Nicolas Cage (Who I’ve only just realised I’ve been spelling it as Nicholas Cage for all these years. I deserve to be crucified for this.) is always working and never has time for his family, especially his teenage daughter. Gone are the days of his action career when he was in Con Air, Face/Off and The Rock, but Nic is trucking along with his job as an actor, while his imaginary friend Nicky likes to remind him that he’s actually a star and he’s Nicolas Fu******************************************************************************king…. Woo Cage! Things change when Nic meets Javi a real admirer of the Cage and a guy who the CIA have their eyes on, because he runs some big cartel group and has kidnapped a royal. That’s pretty much it, it’s a fun action comedy with a really entertaining Nicolas Cage performance, and has great chemistry with Pedro Pascal who plays Javi. That’s what makes the movie and if you want more than that, then you have come to the wrong place.
I was disappointed by the fact that they didn’t really delve into the Nic Cage lore and as to why having him in movies is so special. They mainly just reference that he starred in a particular movie and not explain why he’s so great in something like Face/Off or Con Air or any of the movies he’s been in. Cage is so over the top in Face/Off, with the crazy expressions he makes and how he delivers his lines, it made for such a memorable fun performance and Cage is one of the key factors as to why Face/Off is such an entertaining action movie. Similar circumstances can be applied to The Rock, while not as over the top as Face/Off, I don’t think anyone could have pulled off the lead role better than Nic Cage. He’s got some really funny lines in that movie, that wouldn’t be as great if it weren’t for Cage’s delivery. The biggest crime is they didn’t even reference Vampire’s Kiss in this movie, not even to use for meme material, like they did for Con Air and The Wicker Man.
Overall I enjoyed this movie for what it is as it’s certainly fun and it’s nice to see Nicolas Cage in a major movie again. As a fan of the man I would have loved to see it go more over the top, but I understand it’s a studio movie and that isn’t possible, so I’ll take what I can get and call it a day.
Final movie for this post, The Northman. From director Robert Eggers the guy behind the weird horror darling, The Lighthouse, comes a more mainstream version of that, but also with a mix of Hamlet and Conan the Barbarian.
Set during back when Vikings were a thing we follow the story of a young boy who sees his father being murdered by his jealous uncle. Years of shirtless fighting later he is ready to honour the oath he set himself and get his vengeance. That’s the plot, the story is more interested in being character focused and being a dark epic, which I’m all up for. The first time we see Tarzan as a man with his Viking brethren attacking that fortified village (shirtless of course) sets the stage for the rest of the film. Savage men violently killing people and claiming whatever property they choose fits the bill of what I imagine Vikings were like and the complexion of our main character, Amieth.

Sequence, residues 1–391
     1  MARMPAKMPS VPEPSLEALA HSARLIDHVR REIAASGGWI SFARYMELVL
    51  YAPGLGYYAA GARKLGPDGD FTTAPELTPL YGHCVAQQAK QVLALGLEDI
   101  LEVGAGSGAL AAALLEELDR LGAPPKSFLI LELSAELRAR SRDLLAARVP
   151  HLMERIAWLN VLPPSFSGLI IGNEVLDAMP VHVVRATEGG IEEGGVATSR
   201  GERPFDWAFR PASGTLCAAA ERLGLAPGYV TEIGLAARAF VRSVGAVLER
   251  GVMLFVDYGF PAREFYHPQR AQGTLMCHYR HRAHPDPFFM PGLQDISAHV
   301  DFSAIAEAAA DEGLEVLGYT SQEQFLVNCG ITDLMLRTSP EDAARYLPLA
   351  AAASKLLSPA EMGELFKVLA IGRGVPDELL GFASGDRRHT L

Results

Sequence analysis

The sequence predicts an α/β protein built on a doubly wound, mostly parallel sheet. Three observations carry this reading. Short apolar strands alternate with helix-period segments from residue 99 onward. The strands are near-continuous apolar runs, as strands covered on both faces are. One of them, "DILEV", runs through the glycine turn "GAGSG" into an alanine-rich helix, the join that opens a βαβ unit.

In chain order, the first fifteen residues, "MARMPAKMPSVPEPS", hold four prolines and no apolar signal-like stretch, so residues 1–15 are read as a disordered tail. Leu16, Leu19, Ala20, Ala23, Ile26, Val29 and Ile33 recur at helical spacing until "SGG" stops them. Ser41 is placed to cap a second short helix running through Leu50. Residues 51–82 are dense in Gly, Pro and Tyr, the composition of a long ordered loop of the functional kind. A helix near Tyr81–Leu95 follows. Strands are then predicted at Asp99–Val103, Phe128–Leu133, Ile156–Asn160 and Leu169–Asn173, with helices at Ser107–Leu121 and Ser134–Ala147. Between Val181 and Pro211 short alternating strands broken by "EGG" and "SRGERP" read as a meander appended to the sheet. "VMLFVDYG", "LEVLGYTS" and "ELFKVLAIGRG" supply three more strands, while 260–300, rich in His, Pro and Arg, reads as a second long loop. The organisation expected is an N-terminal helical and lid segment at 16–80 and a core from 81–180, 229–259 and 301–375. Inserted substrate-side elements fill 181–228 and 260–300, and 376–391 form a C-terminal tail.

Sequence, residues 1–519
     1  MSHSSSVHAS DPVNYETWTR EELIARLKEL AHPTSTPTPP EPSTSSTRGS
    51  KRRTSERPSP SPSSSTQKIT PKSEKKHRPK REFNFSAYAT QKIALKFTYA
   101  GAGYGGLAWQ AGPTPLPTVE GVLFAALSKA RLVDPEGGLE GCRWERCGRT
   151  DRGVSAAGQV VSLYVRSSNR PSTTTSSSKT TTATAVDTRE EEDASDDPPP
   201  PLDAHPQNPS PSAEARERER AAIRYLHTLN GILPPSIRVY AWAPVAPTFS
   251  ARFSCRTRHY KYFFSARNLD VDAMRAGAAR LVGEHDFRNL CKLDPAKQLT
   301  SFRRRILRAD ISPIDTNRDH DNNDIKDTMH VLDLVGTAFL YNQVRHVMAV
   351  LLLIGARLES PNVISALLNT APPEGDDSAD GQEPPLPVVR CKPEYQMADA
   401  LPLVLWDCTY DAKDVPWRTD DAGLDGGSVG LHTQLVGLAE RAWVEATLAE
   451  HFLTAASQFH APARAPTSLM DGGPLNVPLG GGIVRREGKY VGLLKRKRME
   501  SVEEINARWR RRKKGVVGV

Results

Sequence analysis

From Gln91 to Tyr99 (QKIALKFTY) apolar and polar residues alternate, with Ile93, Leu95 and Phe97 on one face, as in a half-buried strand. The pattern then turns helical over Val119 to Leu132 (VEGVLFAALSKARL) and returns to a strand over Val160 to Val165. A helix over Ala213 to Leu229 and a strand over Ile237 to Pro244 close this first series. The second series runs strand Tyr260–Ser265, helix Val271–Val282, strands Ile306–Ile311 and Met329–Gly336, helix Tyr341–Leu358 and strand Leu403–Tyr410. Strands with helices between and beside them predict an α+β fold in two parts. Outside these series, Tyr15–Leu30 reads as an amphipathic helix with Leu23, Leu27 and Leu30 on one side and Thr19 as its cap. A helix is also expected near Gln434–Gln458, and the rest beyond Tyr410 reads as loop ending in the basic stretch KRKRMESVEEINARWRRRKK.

The Northman is easily the least fun out of the three we have discussed, which is fine as that wasn’t what the film was going for and it succeeds in other avenues mainly for being very bleak. Eggers’ directing is what makes this movie, from the camera work, lighting, production and the score. The way he makes his movies very dark and also pretty weird as if they’re almost a dream, you don’t want to end. The characters also help sell the film as they’re quite rich, which I’m not very used to in a big Hollywood film. Amieth who borders on being a good guy, has quite the journey as the noble savage bent on revenge, who travels through darker and darker territory as he gets closer to his target. The film makes the point he’s more a beast than a man, as for most of the movie he’s hunched over like a bear, which is likely a metaphor for the lack of humanity left within him. (I only think of that because there is other symbolism like that throughout the film.) The acting is also great, I often enjoy a good Alexander Skarsgård performance, as he’s great at being an immoral human and sells the practical performance of being big and not wearing a shirt. You also have Anya Taylor-Joy delivering another great showing, Nicole Kidman is great too, and it’s interesting to see she’s now played both Skarsgård’s wife and Mum. You also have Dafoe back, acting like a crazy person again, which is never not great.
The Northman is another great 2022 movie. I also enjoyed this more than The Lighthouse, mainly because it’s less abstract. I recommend giving this a go if you can, along with the previous two movies. This has probably been the most successful post when it comes to movie quality, but stay tuned as I’m working on some posts that don’t stack up to these three, but it’ll feature some actual critiquing and ranting. Until then Blog Complainer, signing out.